The state budget surplus in February dropped to 5.6 billion crowns from January’s 42.4 billion, the Finance Ministry said on Friday. Even so it is the best result since 2000. In February 2012 the budget showed a 16.6 billion crown deficit. This year’s state budget was approved with a projected 100 billion crown deficit.
The winner of the eighths annual poll for the most absurd Czech bank fee has been announced. According to the anti-fee watchdog website bankovnipoplatky.com, which conducted the poll, the most absurd fee is the fee for using an ATM machine to find out one’s balance which received 36 percent of votes. In some cases this fee was actually higher than that for taking out money from an ATM machine of one’s own bank. Second place went to the fee banks charge for managing a mortgage account, which received 22 percent of votes and third place went to the fee banks charge for sending you an electronic bank statement.
The Prague State Attorney’s Office has asked the police to investigate accusations of corruption against Prime Minister Petr Necas stemming from a criminal complaint filed by defence lawyer Václav Láska. Láska’s complaint alleges that the prime minister promised three Civic Democrat deputies lucrative posts in state-owned companies if they gave up their seats in the lower house to allow the government’s controversial tax package to win approval. A criminal complaint has also been filed against the three now former deputies, Marek Šnajdr, Petr Tluchoř and Ivan Fuksa. Marek Šnajdr later got a seat on the supervisory board of the company Čepro, while Ivan Fuksa was named managing director of Czech Aeroholding. According to media reports Petr Tluchoř is allegedly being considered for a post in the power giant ČEZ.
In business news this week: monthly Czech household debt has fallen for the first time in 11 years, while consumer confidence went up; Telefónica released lower earning figures for last year than was expected; food produced Hamé wants to expand to Africa and the Middle East; plan for the Czech-Austrian Mozart pipeline has been revived; produced of esophagus stents wins Czech innovation prize; year-on-year profits for Czech pension funds went up last year.
Household debt in the Czech Republic fell month-on-month in January for the first time since September 2001, according to data just released. Last month Czechs owed CZK 1.164 trillion to banks and other financial institutions, twice the figure recorded 11 years ago. The Czech Republic is currently going through its longest recession on record and the decline in household debt suggests that Czechs are worried about spending, preferring to save than owe money.
Outgoing Czech President Václav Klaus received an award from the Slovak Entrepreneur’s Association on Wednesday, the second day of his visit to Bratislava. The association praised Mr Klaus’s role in the economic transformation of Czechoslovakia and later the Czech Republic from a central economy to a free market economy after 1989. Mr Klaus served as finance minister in Czechoslovakia and then prime minister in the Czech Republic, overseeing wide-ranging but often criticised reforms in the 1990s. In Bratislava, the president – who leaves office next week – discussed the EU and slammed the union as no longer being a symbol of prosperity. An outspoken EU critic, he also downplayed the negative impact of a member state leaving the euro zone, citing the Czech Republic’s and Slovakia’s own split and successful separation of currency.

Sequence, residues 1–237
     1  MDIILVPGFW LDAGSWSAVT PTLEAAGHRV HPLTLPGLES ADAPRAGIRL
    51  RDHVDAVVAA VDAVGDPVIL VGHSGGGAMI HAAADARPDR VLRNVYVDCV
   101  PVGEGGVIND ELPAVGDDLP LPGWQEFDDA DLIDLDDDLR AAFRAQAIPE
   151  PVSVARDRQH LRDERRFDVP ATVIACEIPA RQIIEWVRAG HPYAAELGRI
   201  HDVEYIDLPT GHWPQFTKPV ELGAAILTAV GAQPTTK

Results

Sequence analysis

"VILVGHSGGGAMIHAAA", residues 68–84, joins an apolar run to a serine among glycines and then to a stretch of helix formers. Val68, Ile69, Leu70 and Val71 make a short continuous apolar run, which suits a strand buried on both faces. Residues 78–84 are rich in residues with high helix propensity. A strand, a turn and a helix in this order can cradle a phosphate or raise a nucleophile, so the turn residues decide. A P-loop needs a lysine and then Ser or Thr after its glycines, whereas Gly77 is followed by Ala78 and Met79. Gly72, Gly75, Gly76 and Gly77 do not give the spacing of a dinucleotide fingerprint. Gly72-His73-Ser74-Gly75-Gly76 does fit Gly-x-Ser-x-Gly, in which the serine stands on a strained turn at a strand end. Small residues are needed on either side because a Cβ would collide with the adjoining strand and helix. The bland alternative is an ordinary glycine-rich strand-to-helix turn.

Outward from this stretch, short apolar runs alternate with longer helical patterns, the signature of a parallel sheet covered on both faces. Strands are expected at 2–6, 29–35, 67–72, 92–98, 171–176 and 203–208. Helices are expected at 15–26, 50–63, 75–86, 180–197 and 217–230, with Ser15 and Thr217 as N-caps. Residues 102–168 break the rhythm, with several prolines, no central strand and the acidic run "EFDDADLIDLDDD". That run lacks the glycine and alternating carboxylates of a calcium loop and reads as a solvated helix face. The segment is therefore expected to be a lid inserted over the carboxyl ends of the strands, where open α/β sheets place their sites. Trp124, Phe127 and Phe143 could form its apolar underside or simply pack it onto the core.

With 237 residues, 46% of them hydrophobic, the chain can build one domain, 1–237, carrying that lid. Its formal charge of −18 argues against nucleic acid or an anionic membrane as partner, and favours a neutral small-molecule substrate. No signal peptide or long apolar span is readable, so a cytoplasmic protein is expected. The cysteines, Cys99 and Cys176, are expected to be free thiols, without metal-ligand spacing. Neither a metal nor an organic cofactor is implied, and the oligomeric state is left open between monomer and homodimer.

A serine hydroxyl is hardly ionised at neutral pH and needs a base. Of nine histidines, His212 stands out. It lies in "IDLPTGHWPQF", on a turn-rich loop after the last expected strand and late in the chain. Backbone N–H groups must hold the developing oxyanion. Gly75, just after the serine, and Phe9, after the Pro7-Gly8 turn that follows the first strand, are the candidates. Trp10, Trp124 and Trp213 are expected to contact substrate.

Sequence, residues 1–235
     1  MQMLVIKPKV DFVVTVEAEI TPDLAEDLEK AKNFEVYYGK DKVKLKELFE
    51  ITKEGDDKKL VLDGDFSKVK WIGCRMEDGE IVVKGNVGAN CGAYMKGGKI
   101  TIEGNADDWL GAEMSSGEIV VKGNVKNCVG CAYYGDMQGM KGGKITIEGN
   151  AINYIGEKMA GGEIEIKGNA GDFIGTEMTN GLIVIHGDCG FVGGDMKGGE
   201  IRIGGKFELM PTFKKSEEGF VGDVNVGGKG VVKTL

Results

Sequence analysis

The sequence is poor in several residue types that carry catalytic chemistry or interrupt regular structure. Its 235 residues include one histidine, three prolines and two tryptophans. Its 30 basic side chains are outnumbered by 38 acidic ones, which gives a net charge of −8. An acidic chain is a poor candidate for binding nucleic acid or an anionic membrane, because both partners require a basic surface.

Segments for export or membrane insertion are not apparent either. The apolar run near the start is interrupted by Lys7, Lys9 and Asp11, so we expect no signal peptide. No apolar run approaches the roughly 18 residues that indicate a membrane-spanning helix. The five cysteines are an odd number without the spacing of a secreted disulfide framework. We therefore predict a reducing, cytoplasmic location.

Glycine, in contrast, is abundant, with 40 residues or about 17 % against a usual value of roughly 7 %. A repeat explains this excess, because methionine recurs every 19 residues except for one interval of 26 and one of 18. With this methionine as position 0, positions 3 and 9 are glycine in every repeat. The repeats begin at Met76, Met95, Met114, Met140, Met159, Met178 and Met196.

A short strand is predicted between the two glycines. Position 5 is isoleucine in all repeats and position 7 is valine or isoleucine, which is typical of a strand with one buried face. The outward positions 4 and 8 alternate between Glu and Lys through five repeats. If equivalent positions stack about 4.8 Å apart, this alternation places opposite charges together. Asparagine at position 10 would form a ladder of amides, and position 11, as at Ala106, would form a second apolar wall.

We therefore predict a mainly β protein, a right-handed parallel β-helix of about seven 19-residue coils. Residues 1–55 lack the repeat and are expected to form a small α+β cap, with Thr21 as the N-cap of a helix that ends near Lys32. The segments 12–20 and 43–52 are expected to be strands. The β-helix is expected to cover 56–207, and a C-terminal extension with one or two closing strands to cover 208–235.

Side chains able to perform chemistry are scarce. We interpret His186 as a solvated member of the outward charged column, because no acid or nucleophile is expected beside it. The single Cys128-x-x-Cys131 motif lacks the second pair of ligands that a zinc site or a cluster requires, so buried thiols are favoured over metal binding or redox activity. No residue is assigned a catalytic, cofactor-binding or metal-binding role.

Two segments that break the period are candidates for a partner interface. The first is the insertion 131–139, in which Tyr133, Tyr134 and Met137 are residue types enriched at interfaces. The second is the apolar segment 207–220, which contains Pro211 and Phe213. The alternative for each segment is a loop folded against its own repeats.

Pension funds in the Czech Republic saw profits rise by 6 percent year-on-year to 4.83 billion crowns in 2012, the Association of Pension Funds has told the Czech news agency. Pension funds registered a record number of 5.15 million clients, over half a million more than at the end of 2011. Savings made up by clients’ deposits, employers’ contributions, state subsidies and appreciation reached 247.7 billion crowns, which was an annual rise of 6 percent. In Q4 of last year alone, the number of private pension scheme clients increased by more than 474,000. The rise of interest in these kinds of savings was connected with a statutory period that restricted the possibility of signing such contracts until the end of November, APF president Karel Svoboda said.
Czech banks are facing a major confrontation with dozens of thousands of their clients that could cost them hundreds of millions of crowns. Over 40,000 people have now signed up to class actions to reclaim the fees banks charge for loan and mortgage accounts. The clients say the practice is illegal, and want their money back. The banks, meanwhile, remain defiant, saying all their charges are in line with the law.
This year’s deficit of Czech public finances should not exceed 3 percent of gross domestic product, Finance Minister Miroslav Kalousek said on Friday. Mr Kalousek’s remarks came in a reaction to an estimate by the European Commission which predicted the deficit would reach 3.1 percent of the country’s GDP. Keeping the gap below 3 percent would bring an end to the excessive deficit procedure launched against the Czech Republic by the European Commission in 2009, Mr Kalousek said. The finance minister however warned the target could only be met provided that European economy does not experience any dramatic downturn.
In Business News this week: The Czech economy is passing through the lowest point of the recession, says the head of the central bank; the EC predicts the Czech economy will stagnate in 2013; CEZ and Czech Coal are reported to be close to a deal worth a whopping CZK 200 billion-plus; 40,000 Czech customers file a class action for the return of bank charges; and a fifth of Czech medicines are being resold in more expensive markets.
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